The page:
Amerivest, Inc. ("Amerivest"), was incorporated in Delaware in November 1998, and has never been registered with the Commission in any capacity. At all relevant times, Amerivest had no known operations or assets other than a bank account.

First Commerce Corporation ("First Commerce") was incorporated in Delaware in November 1998, and has never been registered with the Commission in any capacity. At all relevant times, First Commerce had no known assets or operations other than a bank account.

The Commission filed an action in the Southern District of New York alleging that at various times between April 1997 and May 1999, Respondent Follick acted as an unregistered broker-dealer. He solicited investors to purchase shares in private offerings of five issuers: First Fidelity Financial, Exchange Online, First Commerce, Amerivest, and First Fidelity Equities. Respondent Follick oversaw the offering of First Fidelity Financial and was one of three individuals who led the Exchange Online offering. The sales force that carried out these offerings utilized high-pressure sales tactics that included numerous material misrepresentations and omissions.

The civil complaint alleged, among other things, that the sales force falsely represented that they were calling from First Fidelity Investment Management, which they claimed was a Wall Street investment firm. False statements to investors included claims that First Fidelity Financial was a large, well-established investment bank; that Exchange Online was an internet brokerage firm targeted for takeover by America Online, Inc.; that a large Japanese bank had purchased Exchange Online and renamed it Amerivest; that First Commerce was an internet broker; and that First Fidelity Equities was an "internet company" poised to experience a dramatic rise in stock price. They falsely told investors that each issuer planned Initial Public Offerings in the immediate future. They failed to disclose that the proceeds of these offerings went to the salespeople and the directors of the issuers.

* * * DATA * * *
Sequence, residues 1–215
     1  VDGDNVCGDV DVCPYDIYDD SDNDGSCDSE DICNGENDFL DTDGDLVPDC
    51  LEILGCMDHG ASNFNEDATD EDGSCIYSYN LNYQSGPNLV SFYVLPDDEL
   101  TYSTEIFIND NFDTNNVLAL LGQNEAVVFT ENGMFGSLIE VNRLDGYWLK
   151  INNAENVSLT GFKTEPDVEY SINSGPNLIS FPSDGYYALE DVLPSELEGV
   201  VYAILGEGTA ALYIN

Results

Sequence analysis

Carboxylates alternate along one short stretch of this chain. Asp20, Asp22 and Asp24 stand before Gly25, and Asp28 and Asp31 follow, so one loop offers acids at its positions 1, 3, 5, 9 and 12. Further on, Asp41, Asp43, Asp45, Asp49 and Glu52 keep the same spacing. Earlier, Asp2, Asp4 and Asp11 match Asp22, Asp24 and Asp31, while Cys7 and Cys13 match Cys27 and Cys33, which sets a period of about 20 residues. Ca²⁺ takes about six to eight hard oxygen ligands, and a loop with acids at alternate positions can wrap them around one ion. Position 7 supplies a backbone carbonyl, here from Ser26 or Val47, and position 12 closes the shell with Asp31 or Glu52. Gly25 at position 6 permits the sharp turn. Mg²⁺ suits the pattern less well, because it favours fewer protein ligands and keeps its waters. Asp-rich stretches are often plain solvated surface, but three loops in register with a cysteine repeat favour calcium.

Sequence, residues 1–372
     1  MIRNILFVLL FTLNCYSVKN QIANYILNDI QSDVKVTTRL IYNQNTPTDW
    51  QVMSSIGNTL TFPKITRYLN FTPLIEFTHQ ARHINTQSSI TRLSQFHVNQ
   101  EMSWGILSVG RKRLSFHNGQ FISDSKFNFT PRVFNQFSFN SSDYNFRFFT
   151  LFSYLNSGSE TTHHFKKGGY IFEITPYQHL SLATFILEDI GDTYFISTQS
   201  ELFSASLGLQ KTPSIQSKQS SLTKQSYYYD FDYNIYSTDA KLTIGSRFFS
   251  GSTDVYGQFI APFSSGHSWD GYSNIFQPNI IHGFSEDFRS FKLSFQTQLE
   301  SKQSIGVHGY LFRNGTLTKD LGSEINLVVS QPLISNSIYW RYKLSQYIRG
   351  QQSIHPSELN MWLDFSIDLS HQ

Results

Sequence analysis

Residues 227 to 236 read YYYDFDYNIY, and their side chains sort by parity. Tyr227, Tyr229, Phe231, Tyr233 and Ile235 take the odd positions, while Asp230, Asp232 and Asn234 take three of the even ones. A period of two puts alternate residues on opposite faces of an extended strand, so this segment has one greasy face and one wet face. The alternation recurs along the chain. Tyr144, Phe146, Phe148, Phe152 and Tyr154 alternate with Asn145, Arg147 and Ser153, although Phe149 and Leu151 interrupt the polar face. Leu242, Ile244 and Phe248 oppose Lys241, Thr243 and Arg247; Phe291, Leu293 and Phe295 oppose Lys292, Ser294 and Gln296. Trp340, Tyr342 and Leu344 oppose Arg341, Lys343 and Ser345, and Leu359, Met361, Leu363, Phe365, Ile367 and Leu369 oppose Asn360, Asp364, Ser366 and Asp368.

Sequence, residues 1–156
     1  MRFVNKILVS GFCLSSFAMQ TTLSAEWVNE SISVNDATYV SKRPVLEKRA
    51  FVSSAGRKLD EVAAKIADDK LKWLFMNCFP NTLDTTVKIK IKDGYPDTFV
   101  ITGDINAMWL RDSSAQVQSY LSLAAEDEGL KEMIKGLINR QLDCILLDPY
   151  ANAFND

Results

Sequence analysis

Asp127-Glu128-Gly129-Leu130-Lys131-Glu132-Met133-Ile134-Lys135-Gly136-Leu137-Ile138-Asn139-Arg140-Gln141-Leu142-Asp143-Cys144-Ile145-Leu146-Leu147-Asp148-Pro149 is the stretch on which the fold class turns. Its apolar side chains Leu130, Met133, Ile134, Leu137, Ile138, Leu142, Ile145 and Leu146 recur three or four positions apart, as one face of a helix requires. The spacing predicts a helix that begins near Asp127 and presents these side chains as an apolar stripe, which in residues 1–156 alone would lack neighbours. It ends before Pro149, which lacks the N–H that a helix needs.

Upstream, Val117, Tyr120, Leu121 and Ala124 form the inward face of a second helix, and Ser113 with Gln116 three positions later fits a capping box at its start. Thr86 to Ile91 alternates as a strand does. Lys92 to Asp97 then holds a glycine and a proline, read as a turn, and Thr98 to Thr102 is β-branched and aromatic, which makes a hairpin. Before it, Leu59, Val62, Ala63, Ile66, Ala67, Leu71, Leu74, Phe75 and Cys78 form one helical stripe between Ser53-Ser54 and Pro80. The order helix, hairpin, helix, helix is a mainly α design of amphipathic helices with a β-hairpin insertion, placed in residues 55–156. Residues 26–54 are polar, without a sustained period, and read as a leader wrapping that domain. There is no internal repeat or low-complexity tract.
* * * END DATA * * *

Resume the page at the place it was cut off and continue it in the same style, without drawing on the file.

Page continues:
As a result of their fraudulent conduct, Respondent Follick and others, raised a minimum of $2.837 million from at least April 1997 through May 1999: $1.7 million with First Fidelity Financial, $450,000 with Exchange Online, $320,000 with First Fidelity Equities, $300,000 with Amerivest, and $67,000 with First Commerce.

On April 11, 2002, pursuant to a final judgment entered by default, Respondent Follick was permanently enjoined from future violations of Section 17(a) of the Securities Act of 1933, Sections 10(b) and 15(a) of the Exchange Act, and Rule 10b-5 thereunder. SEC v. Follick, 1:00-CV-4385 (S.D.N.Y.)

In a criminal action, Respondent Follick, pursuant to a plea agreement, pled guilty on March 31, 1999, to three counts of securities fraud in violation of 15 U.S.C. 78j(b) and 78ff and 17 C.F.R. 240.10b-5, in United States v. Follick, 1:99-CR-169 (S.D.N.Y.). The criminal indictment underlying the conviction alleged, among other things, that Respondent Follick engaged in fraudulent offerings of First Fidelity Financial, Exchange Online, First Fidelity Equities, Amerivest, and First Commerce stock. The indictment specified that Respondent Follick made numerous false statements concerning the issuers' businesses and the intended use of funds raised in the offerings. Judgment was entered against Respondent Follick on August 20, 2002, and he was sentenced to a prison term of twenty-four months followed by three years of supervised release and ordered to make restitution in the amount of $3,137,635.47.

Ruling

Based on these findings, I find the public interest requires that I ORDER, pursuant to Section 15(b)(6) of the Securities Exchange Act of 1934 that Bruce Follick is barred from association with any broker or dealer.

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Brenda P. Murray
Chief Administrative Law Judge

Endnotes

 

http://www.sec.gov/litigation/admin/34-49655.htm


Modified: 05/07/2004